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Why GE Is Overvalued

Dec. 18, 2020 2:41 AM ETGeneral Electric Company (GE)BA
Please Note: Blog posts are not selected, edited or screened by Seeking Alpha editors.


  • A breakdown of GE's business segments and how they have been impacted by the pandemic.
  • Direct, Indirect, and DCF Valuation of GE equity.
  • Sell recommendation with a price target of $8.57.

General Electric (GE) Equity Valuation


Price Target: $8.57


General Electric is a worldwide, high tech industrials company comprised of four major market segments: Power, Renewable Energy, Aviation, and Healthcare. In addition, they also have a financial services division, GE Capital, that mainly focuses on aircraft financing and leasing. Like many companies in the sector, GE has faced a declining demand for most of its products and services due to the COVID-19 pandemic. To demonstrate the scale of each segment and how they have been affected by the pandemic, I have put together the charts below, that compare Q3 revenues for 2019 and 2020.

GE is in the midst of significant corporate restructuring as new management intends to reduce total leverage (cut fixed costs and pay down debt) and put a heavy focus on generating positive free cash flows to the firm. While this strategy is necessary in a time of receding demand, I have worries about GE’s planned reduction in research and development spending as this could lead to the company no longer being a leader in innovation, thus shattering any chances of long-term top line growth.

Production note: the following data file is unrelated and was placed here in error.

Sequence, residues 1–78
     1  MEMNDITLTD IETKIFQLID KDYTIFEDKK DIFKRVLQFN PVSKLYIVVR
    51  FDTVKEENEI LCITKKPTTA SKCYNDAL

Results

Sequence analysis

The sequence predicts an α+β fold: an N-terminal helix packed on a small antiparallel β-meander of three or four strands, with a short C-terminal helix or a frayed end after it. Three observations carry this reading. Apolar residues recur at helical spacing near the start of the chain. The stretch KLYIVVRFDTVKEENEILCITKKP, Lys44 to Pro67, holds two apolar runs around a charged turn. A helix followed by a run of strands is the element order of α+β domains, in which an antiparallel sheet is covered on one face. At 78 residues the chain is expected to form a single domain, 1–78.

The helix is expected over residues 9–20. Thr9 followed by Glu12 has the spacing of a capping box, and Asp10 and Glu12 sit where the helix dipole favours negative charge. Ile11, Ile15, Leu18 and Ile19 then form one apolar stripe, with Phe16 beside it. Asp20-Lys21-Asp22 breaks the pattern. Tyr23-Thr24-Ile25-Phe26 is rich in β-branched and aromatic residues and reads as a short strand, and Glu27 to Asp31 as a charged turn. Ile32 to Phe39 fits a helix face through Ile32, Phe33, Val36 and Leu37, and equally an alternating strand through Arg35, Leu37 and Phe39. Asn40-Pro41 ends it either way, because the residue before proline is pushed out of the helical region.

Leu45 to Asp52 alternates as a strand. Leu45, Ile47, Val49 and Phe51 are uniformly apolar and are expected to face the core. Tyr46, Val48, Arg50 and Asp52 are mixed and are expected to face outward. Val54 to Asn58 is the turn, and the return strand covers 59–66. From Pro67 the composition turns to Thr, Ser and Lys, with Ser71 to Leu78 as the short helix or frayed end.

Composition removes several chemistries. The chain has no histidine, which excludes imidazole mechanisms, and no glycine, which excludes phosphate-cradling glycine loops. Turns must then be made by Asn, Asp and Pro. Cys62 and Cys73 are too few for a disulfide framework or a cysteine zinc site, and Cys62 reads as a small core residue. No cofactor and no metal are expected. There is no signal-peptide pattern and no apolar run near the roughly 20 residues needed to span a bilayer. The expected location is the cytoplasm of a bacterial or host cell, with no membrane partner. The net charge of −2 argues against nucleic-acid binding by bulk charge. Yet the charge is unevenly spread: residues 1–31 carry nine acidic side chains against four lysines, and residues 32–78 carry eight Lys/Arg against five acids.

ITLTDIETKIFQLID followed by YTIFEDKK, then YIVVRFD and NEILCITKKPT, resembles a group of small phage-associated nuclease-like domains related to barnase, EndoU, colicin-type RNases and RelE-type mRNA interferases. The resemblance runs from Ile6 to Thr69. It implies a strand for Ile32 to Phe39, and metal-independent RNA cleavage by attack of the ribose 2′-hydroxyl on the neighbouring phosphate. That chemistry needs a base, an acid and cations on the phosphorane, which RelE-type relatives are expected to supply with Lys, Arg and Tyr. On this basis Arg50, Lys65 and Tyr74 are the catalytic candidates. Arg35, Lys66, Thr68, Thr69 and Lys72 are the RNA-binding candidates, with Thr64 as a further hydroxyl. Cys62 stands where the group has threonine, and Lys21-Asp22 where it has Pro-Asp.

Industrials Overview

The industrials unit is comprised of four segments: Power, Renewable Energy, Aviation, and Healthcare. The core functions of these businesses are to both sell, install and service large engines, turbines, or any equipment of the like. 51% of Industrials sales fall into the service category compared with 25%-25% for competition. This is important to note as the profit margin for equipment sales are only 4% while services are between 20%-30%. In essence, GE’s industrials unit relies on the razor blade business model where the bulk of profits are earned during the equipment’s life through servicing revenue. This is a key moat for GE, as they are one of the only companies with the required expertise to service their own equipment.